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Some People in My Town Died in Some Tragic Way and Some Trees Were Planted

Some People in My Town Died in Some Tragic Way and Some Trees Were Planted

John Jodzio

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Some people in my town died in some tragic way and some memorial trees were planted. These trees ruined my view of an office building and a Taco John’s parking lot where people sometimes had car sex so I chopped them all down. People in my town were outraged about the tree cutting and after I wiped my chainsaw clean and threw it into the river I pretended to be outraged too, talking about my anger at the grocery store and the post office and the sexy Taco John’s.

Soon the city planted new memorial trees and I poisoned them with bleach. My fellow citizens were crushed when the trees wilted and so they planted more to make their sadness go away, this time stationing a policeman at the park to protect them. This was November and my view from my window did not matter much to me because I snowbirded in Lake Tahoe with my daughter, Laney, whose condo had a wonderful view of a Burger King parking lot where drug deals sometimes went wrong.

By the time I got back into town it was spring and the funding for the tree policeman had dried up and so I chopped them down with an ax on a warm night when the moon was gilded and full. Now the town didn’t have enough money in their coffers to buy new trees so some townspeople tried to raise money through pancake breakfasts and spaghetti feeds but those fundraisers only made enough money to buy memorial seedlings, which, sure, would not block my view right now but would definitely block my view in a few short years. After the seedlings were planted I let my pet deer, Curt, out of his kennel and instructed him to chew those seedlings down to the nub. Curt has been well trained and he chewed up those baby trees in short order and for the next week his breath smelled pleasantly of maple and pine.

I started teaching Curt some other tricks after I announced my candidacy for city council. One trick was to rear up and kick any person I didn’t like. The other trick was to wrap his front legs around me in a big hug. I would either say “destroy” or “hug,” depending on which one I wanted him to do.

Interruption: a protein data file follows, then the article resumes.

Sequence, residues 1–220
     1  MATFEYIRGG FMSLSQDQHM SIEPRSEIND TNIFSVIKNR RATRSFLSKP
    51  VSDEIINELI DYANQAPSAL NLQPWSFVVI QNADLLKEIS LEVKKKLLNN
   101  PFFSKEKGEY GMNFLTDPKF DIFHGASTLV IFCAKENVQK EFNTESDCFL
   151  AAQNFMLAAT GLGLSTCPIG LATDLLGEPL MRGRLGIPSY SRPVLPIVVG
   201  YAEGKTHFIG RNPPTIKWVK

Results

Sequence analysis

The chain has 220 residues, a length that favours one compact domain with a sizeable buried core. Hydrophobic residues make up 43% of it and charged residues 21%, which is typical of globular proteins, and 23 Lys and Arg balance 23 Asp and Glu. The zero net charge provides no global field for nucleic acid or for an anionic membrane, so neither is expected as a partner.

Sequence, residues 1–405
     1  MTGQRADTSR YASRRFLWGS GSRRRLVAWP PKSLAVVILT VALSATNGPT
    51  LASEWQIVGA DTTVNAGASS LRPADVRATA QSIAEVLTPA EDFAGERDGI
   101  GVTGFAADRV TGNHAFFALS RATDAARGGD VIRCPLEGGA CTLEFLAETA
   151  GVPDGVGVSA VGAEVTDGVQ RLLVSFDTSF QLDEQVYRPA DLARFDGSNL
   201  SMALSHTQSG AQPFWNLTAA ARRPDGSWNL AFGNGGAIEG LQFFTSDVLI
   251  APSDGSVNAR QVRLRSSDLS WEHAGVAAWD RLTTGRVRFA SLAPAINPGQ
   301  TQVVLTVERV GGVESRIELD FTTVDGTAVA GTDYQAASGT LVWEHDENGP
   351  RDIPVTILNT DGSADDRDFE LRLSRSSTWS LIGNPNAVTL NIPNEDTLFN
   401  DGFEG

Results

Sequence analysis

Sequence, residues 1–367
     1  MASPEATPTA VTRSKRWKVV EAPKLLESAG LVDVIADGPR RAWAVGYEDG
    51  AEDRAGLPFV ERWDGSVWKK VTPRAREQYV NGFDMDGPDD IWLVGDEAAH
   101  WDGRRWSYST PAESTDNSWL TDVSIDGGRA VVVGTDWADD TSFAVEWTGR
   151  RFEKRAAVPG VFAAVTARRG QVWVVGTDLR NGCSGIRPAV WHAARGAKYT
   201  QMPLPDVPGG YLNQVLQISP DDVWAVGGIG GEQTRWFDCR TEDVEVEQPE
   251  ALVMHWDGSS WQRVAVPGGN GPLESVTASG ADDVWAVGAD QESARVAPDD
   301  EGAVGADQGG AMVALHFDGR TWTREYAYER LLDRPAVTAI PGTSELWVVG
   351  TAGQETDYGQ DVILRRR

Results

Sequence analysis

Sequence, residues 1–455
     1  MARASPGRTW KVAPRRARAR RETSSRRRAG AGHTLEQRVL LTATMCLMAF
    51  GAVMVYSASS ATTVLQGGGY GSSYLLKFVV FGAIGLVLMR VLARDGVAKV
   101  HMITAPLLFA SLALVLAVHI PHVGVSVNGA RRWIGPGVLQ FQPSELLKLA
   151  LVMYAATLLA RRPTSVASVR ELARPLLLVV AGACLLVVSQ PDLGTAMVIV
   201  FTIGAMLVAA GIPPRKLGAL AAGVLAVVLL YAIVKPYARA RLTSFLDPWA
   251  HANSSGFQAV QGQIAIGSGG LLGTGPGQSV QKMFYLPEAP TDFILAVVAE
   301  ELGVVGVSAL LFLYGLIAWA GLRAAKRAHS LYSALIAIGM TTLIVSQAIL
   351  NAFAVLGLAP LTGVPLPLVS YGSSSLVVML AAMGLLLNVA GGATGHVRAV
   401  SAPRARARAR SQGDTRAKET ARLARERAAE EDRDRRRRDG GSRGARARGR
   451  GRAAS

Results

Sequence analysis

I would either say “destroy” or “hug,” depending on which one I wanted him to do.


Soon my opponent in the city council race started talking shit about me, calling my platform of better memorial tree oversight and legal deer ownership within city limits “mean and weird and dangerous,” so I gave Curt a “hug” and sent him over to my opponent’s house to “destroy.” In my mind a rogue and unaffiliated deer attack is a thing all voters associate with weakness and dishonesty so I knew this would probably swing the election in my favor.

Unfortunately, Curt wasn’t as great of a henchman as he was a friend—he was tragically shot and killed while trying to break into my opponent’s house and I lost the election a few days later. I was despondent for a couple weeks but then I remembered all the positive life lessons I’d learned from Curt and how he was largely a force for good so I honored his memory by purchasing a new chainsaw and driving around to neighboring towns and cutting down their memorial trees too.

 

John Jodzio's work has been featured in a variety of places including This American LifeMcSweeney's, and One Story. He's the author of the short story collections, KnockoutGet In If You Want To Live and If You Lived Here You’d Already Be Home. He lives in Minneapolis. 

Illustration by Leigh Luna.

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